The number of scientific climate advisory bodies is growing rapidly across European countries, including the establishment of one at the EU-level. Under the right conditions, such expert councils can help governments not only make the right climate policy decisions but also hold them accountable by boosting transparency and tracking the success (or failures) of national actions.
Governments across Europe have their own specific systems for climate policy-making. Some are laid down in law with significant detail on procedures, institutional arrangements and mechanisms for both monitoring and outside input. Dedicated national advisory bodies, especially in the form of independent scientific climate councils, are both a sign of and an important enabler for more robust climate governance. They tend to operate in highly formalized and specific governance systems, but also require regular and specific governance mechanisms in order to function effectively.
An analysis of these institutions and their underlying governance contexts suggests that the effectiveness of any advisory body depends strongly on the quality of the system it is working in. In addition, a detailed look at scientific expert councils revealed that their composition, their mandate and the resources they have available all influence the extent to which they can inform policy-making.
This report by Ecologic Institute and IDDRI, commissioned by the European Environment Agency (EEA), provides a comprehensive mapping of climate advisory bodies in European countries and the national governance systems in which they operate. It proposes a typology to account for the diversity of advisory bodies and a three-tiered frame by which to evaluate national climate policy-making systems. The research was based on an in-depth investigation of national policy documents and structured interviews with country experts.
- National climate policy systems in Europe differ in terms of their degree of formality, specificity and accountability. The analysis identified three main tiers into which existing systems fall. The first tier countries only include essential elements required by EU or international law ('EU/UN Baseline'); while the second and third tier countries have additional functionality specific to national policy cycles, increasing the windows of opportunity for expert and stakeholder involvement ('light framework' and 'robust framework'). Increasingly, European countries have turned to national framework laws to organize climate actions, often establishing supporting advisory institutions.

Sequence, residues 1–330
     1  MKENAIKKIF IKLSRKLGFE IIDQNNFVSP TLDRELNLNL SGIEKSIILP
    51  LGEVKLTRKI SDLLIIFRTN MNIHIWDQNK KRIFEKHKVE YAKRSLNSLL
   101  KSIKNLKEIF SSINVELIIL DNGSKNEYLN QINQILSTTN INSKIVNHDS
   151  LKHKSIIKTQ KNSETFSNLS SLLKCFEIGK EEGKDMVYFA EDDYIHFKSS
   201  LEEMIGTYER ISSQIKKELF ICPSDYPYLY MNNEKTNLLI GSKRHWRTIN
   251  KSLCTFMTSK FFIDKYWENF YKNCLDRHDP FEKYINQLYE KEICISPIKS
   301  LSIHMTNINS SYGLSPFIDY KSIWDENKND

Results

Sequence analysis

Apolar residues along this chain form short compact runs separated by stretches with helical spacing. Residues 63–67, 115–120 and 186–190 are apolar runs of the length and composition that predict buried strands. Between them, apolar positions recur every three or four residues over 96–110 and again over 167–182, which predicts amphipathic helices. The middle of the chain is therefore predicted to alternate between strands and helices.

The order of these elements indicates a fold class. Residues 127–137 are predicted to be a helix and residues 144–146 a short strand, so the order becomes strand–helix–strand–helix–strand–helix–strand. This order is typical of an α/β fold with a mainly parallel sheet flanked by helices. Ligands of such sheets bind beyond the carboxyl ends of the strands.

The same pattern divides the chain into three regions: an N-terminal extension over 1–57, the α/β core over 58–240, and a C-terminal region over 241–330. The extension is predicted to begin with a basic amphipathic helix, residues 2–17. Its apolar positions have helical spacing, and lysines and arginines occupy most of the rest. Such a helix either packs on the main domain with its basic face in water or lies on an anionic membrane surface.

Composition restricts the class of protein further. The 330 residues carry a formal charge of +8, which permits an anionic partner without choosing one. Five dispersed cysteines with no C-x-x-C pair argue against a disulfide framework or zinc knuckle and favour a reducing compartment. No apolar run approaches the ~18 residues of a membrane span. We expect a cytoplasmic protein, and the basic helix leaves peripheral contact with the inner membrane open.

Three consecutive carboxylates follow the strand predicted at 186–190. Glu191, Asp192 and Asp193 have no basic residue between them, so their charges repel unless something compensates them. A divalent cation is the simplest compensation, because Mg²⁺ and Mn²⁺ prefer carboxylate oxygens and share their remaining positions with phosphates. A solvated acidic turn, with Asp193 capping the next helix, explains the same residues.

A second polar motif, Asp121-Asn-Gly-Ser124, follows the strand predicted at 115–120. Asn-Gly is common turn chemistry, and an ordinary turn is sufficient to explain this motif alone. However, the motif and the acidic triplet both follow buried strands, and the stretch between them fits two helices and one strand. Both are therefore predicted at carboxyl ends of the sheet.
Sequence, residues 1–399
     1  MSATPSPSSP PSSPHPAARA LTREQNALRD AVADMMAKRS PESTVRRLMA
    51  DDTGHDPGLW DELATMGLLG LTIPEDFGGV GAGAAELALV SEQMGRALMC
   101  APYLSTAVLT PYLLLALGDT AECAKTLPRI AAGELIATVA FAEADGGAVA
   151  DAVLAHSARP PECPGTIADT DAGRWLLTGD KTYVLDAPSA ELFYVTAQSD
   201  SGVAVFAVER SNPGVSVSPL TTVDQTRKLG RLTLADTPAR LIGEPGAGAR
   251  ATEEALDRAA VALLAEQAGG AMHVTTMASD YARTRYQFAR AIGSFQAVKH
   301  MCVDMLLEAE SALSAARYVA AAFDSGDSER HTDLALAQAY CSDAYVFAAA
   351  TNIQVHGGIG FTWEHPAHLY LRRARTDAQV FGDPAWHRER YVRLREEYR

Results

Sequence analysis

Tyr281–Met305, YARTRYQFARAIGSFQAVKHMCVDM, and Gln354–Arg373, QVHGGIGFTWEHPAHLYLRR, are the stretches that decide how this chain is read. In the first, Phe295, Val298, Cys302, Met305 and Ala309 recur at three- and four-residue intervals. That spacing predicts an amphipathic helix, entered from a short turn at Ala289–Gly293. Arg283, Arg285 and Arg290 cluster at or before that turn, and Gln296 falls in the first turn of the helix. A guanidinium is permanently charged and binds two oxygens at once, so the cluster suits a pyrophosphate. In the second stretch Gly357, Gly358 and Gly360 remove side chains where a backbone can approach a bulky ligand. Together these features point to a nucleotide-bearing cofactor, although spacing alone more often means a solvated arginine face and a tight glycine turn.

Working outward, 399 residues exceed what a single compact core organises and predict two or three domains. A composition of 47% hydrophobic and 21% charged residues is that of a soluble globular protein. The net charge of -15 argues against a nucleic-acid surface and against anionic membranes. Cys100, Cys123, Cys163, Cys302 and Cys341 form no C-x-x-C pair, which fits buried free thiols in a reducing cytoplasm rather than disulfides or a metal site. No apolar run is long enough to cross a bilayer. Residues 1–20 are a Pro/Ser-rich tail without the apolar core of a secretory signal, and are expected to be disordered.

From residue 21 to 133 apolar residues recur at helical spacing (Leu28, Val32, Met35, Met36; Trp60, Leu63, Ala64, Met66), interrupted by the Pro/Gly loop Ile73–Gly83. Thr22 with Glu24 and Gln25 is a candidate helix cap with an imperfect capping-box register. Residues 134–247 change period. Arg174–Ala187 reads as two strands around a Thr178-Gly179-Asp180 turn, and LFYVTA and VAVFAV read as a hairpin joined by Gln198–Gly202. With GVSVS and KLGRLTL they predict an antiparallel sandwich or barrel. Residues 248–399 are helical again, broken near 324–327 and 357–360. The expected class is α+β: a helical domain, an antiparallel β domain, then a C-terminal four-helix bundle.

- In total, the research found 57 advisory bodies operating in 27 European countries. These can be categorized based on their composition and degree of autonomy into four different groups: (1) 'independent, scientific councils', (2) 'in-house scientific advisory bodies', (3) 'stakeholder engagement platforms' and (4) 'stakeholder and/or inter-ministerial roundtables'.
- Ten countries have established independent scientific councils dedicated specifically to climate (i.e., Type 1a advisory bodies). Each council's ability to influence policy formulation is a function of their mandate (specific responsibilities and windows to be involved) and the capacity they are given (through staff and means to create visibility). Without a clear and visible role and proper resources, impact is low.
- Despite capacity and contextual limitations, they play a unique role, exercising a combination of watchdog, reliable information provider and convener/stakeholder outreach functions. Experience from across Europe suggests that they can be positioned to enhance the accountability of a national governance system.
A preliminary version of the report was used as input for a two-day virtual workshop with representatives of national climate advisory bodies that took place on 12 and 19 November 2020. Workshop participants were invited to comment on the ongoing research and the virtual discussions provided invaluable insight into how advisory bodies operate on the ground to influence national policy-making. Most importantly, the dialogue uncovered an appetite for further exchange and the need for coordinated and cross-boundary solutions to unlock effective solutions for the transition to a climate neutral Europe.